However, he described some of the report’s “many critical findings”, pointing to shortcomings in the bank’s accountability, its governance systems, and culture.
“We have a culture where our teams do not always speak up. When permission or a process is ambiguous, we can be conservative in our decision making. Often this leads to an outcome where we do nothing,” Mr Gonski wrote in an article published on ANZ’s website BlueNotes.
“This needs to change,” he wrote.
Mr Gonski also hinted at a tendency for staff to accept problems, saying the review identified a “conditioned acceptance at ANZ that it’s ‘all too hard’ or ‘it’s the way it’s always been’.”
Describing the bank’s culture, he said there was a greater focus on “short-term fixes,” and a lack of clarity around what it meant to be “customer-centric”.
He also pointed to a lack of accountability, though he said there had been improvement on this front thanks to the government’s Banking Executive Accountability Regime (BEAR). “Accountability for outcomes across ANZ, particularly in relation to inaction or poor performance, often lacked clarity below the senior executive level,” Mr Gonski said.
In response, he said the bank would simplify its operations and strive for a culture that encouraged staff to speak up when they see something wrong. It would “significantly” speed up the time it takes to pay compensation, with plans to add to its team of almost 500 staff who specialise in customer remediation.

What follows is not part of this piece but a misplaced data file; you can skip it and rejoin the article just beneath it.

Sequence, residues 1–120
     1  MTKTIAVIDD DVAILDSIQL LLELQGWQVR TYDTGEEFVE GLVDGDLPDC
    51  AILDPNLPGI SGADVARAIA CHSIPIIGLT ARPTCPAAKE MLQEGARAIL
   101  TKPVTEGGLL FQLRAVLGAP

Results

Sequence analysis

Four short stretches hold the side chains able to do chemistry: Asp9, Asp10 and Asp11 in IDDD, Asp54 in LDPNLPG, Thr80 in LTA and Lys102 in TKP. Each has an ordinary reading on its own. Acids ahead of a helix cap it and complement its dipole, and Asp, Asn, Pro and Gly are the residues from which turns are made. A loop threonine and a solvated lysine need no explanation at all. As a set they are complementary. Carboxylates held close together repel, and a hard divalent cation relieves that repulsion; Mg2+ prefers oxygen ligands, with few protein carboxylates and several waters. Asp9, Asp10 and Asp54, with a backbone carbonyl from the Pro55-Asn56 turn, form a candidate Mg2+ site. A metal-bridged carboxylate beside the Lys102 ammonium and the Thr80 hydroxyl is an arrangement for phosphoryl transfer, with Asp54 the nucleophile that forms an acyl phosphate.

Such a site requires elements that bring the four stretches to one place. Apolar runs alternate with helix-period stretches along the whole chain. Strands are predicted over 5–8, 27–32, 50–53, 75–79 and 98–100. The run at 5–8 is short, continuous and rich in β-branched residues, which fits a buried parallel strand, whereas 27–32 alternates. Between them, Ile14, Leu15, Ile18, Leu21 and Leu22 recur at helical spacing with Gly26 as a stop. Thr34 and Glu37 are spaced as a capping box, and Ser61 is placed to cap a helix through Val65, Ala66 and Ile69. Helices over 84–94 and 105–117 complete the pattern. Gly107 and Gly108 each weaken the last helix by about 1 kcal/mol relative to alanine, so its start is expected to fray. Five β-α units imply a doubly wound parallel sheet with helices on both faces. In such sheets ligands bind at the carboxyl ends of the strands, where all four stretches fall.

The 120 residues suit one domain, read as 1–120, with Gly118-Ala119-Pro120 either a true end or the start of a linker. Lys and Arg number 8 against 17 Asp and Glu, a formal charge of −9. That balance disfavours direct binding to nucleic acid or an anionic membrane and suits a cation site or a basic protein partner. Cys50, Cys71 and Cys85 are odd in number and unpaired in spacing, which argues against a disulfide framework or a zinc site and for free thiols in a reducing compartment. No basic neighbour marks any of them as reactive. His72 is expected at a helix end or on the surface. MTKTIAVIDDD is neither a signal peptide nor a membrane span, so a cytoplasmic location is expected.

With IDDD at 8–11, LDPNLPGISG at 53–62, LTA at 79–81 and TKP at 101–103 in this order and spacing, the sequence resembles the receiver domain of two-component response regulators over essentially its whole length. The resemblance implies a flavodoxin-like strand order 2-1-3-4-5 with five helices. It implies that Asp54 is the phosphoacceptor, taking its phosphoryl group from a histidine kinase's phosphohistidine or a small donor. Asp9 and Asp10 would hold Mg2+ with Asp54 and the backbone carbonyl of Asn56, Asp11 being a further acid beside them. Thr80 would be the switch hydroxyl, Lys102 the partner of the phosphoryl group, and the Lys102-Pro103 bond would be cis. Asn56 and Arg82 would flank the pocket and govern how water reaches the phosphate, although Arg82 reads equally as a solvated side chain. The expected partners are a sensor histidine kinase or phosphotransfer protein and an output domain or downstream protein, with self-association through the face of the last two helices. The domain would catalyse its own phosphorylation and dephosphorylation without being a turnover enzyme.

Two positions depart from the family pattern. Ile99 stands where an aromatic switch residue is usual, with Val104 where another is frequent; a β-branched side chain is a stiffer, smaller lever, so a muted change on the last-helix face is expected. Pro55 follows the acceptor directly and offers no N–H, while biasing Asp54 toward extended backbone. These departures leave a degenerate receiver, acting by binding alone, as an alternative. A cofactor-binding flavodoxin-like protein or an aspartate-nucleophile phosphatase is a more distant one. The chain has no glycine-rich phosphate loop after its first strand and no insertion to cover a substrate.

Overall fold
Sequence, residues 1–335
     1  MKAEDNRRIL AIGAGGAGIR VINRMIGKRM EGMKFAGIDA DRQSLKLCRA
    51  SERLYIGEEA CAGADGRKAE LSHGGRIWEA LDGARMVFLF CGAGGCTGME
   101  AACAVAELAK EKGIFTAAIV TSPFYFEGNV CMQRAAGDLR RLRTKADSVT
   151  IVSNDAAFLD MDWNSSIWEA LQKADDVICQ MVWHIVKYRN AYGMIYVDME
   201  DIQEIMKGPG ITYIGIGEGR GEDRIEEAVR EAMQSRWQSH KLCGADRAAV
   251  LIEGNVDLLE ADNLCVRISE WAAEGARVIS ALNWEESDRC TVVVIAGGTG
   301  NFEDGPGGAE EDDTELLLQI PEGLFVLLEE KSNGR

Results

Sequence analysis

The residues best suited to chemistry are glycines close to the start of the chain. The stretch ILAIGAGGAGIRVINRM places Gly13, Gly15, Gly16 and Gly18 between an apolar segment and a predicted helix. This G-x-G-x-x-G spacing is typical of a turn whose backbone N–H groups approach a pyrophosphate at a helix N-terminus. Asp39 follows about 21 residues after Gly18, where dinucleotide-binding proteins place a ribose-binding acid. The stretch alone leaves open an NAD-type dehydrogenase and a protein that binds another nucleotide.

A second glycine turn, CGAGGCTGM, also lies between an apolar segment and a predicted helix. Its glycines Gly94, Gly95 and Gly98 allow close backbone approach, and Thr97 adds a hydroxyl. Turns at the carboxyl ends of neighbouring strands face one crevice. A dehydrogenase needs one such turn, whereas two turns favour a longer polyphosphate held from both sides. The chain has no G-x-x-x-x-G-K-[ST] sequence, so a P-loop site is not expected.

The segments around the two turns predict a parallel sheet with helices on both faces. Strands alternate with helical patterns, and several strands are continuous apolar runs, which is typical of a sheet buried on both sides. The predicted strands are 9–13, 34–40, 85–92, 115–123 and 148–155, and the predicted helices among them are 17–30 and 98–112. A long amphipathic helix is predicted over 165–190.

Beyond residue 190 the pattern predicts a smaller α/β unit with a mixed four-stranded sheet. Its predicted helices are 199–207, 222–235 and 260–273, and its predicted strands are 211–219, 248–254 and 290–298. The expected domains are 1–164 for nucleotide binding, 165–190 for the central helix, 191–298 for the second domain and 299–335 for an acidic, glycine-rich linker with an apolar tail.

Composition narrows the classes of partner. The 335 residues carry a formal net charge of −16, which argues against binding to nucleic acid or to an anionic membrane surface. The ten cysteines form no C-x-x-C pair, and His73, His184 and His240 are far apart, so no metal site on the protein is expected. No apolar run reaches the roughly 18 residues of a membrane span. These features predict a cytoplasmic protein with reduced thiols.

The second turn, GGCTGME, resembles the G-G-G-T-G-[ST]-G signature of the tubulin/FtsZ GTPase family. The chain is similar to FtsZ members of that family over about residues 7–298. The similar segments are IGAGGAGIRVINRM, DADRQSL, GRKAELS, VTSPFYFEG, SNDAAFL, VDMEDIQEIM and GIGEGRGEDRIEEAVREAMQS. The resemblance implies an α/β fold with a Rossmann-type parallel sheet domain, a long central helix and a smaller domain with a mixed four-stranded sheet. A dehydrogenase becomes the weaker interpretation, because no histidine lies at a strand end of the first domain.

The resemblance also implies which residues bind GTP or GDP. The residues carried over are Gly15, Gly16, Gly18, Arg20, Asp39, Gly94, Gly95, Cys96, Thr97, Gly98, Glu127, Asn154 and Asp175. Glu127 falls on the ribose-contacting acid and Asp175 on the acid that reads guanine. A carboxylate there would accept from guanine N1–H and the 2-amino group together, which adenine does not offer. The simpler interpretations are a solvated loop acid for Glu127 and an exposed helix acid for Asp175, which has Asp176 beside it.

We have a culture where our teams do not always speak up.
Mr Gonski vowed that the ANZ board would take a more long-term approach, and would hold management to account.
“We are determined the board will improve the way it questions management — and itself — in relation to the question of our long-term ambitions. While it is noted many Australian institutions like us have a tendency to focus on the short-term, that is no excuse,” he said.
There will also be a detailed review of the board’s charter, to be completed by the end of the year.
In response to the cultural and governance risks identified in their “self-assessments,” ANZ Bank, National Australia Bank and Westpac were last month each forced by the Australian Prudential Regulation Authority (APRA) to hold an extra $500 million in capital. Commonwealth Bank was required to hold an extra $1 billion in capital after the scathing review last year.
The Australian Prudential Regulation Authority has also refused to release the self-assessments, and rejected a Freedom of Information request for ANZ’s self-assessment on the basis this was “protected” information.
Clancy Yeates is a business reporter.